A new test

One cause of hypertension is when the adrenal glands produce too much of a hormone called aldosterone. Up to now, there has only been one test for this, and it has several limitations. But now, doctors have tested a new type of test that uses a radioactive dye to find out which patients have hypertension caused by a benign tumour that secretes too much of this hormone.


Researchers have solved a 60-year conundrum of reliably detecting nodules that produce a hypertension-causing hormone with a quick and painless test

 Hypertension can be caused or exacerbated by many different underlying issues. One such cause is when the adrenal glands produce too much of a hormone called aldosterone. This is called Conn's syndrome, and it causes the body to retain salt, which leads to high blood pressure, and a higher risk of stroke or heart attack than other forms of hypertension. In at least half of cases, this is caused by a nodule in one of the adrenal glands – but testing for this is difficult. The new test

Doctors at Queen Mary University of London, Barts Hospital, and Cambridge University Hospital, scanned 128 people with hypertension caused by aldosterone. They were able to do this by using a very short-acting dose of metomidate, a radioactive dye that sticks only to the aldosterone-producing nodule.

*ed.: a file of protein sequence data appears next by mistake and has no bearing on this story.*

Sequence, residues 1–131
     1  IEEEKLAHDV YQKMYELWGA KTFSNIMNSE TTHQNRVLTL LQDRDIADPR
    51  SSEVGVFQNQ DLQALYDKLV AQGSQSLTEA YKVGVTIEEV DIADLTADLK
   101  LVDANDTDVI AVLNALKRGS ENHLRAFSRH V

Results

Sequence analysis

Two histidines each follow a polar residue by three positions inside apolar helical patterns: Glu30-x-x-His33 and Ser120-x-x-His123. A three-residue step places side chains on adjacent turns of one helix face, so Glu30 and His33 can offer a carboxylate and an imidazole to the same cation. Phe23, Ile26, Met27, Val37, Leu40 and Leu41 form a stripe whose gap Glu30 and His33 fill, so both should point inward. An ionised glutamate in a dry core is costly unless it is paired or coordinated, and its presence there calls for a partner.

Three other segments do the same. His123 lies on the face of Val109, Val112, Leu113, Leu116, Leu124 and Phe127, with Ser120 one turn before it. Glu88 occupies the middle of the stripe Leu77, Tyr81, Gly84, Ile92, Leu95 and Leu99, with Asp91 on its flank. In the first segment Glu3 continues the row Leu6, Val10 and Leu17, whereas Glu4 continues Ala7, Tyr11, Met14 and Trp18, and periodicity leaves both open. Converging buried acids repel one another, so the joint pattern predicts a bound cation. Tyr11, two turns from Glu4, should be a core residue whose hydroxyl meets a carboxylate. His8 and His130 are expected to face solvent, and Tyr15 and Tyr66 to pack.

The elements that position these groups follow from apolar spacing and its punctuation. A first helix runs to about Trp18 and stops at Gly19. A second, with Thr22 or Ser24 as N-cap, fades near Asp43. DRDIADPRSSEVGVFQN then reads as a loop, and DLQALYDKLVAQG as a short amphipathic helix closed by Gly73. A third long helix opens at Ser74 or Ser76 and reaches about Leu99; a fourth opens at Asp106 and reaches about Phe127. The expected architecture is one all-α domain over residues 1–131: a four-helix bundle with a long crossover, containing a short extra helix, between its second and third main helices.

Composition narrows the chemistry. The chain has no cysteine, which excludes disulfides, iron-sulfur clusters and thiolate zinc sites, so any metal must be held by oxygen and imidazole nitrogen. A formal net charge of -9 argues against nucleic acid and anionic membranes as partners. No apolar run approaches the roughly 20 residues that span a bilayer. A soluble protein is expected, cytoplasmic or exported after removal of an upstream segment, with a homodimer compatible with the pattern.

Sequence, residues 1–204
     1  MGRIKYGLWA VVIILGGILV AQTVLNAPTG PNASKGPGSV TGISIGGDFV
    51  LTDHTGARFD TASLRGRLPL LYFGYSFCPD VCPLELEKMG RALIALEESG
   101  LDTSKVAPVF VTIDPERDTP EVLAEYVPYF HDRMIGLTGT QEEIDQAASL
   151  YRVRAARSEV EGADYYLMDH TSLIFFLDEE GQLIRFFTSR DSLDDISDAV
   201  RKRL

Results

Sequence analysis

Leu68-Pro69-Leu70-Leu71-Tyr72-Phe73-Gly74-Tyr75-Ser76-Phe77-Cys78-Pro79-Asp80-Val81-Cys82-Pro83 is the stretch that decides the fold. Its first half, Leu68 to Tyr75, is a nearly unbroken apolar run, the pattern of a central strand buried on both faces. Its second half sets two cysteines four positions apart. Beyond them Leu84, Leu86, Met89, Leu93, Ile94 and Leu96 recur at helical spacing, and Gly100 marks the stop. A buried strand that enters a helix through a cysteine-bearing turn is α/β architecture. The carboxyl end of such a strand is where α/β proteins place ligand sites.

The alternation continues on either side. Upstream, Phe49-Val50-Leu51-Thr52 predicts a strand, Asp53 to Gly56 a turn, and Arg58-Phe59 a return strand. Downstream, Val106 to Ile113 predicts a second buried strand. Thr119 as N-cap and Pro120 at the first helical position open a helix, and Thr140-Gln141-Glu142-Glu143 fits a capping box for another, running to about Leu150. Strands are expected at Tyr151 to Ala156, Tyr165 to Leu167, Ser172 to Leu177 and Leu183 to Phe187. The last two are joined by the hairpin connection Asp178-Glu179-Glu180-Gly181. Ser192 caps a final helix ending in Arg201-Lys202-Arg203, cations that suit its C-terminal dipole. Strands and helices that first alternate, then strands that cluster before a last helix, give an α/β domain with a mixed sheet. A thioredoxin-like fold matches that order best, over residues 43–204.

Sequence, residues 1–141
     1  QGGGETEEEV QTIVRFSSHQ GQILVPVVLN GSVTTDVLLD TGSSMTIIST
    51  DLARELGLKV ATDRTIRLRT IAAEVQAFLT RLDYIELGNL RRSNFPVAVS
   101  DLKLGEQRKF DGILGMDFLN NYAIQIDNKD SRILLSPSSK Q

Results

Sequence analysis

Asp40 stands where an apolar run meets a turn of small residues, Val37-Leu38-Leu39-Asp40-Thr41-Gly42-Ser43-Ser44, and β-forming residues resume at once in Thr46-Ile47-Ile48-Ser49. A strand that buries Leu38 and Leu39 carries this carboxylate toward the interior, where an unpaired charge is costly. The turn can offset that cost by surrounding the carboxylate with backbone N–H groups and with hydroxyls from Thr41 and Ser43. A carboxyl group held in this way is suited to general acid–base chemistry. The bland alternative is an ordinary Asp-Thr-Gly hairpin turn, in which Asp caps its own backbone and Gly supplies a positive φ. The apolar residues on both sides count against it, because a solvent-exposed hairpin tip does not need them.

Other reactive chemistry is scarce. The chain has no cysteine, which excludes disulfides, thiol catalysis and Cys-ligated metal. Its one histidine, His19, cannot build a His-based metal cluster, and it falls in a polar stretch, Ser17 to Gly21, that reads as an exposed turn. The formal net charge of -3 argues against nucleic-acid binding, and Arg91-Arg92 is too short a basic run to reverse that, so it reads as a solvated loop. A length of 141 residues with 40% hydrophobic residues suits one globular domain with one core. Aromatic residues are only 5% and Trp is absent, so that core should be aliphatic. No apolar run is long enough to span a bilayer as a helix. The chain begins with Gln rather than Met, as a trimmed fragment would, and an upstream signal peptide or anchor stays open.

They found that two thirds of the participants had hypertension caused by a benign tumour that secreted elevated levels of this hormone.

For patients

The researchers hope that those who've been diagnosed with Conn's syndrome could be tested using their special CT scan, and go on to further treatment if a nodule is found on their adrenal gland. They hope that doctors will be encouraged to look for Conn's syndrome before it has caused difficult-to-treat hypertension, since the earlier it's found, the more likely it can be cured.

Morris Brown, co-senior author of the study and Professor of Endocrine Hypertension at Queen Mary University of London, said: "These aldosterone-producing nodules are very small and easily overlooked on a regular CT scan. When they glow for a few minutes after our injection, they are revealed as the obvious cause of hypertension, which can often then be cured. Until now, 99% are never diagnosed because of the difficulty and unavailability of tests. Hopefully this is about to change."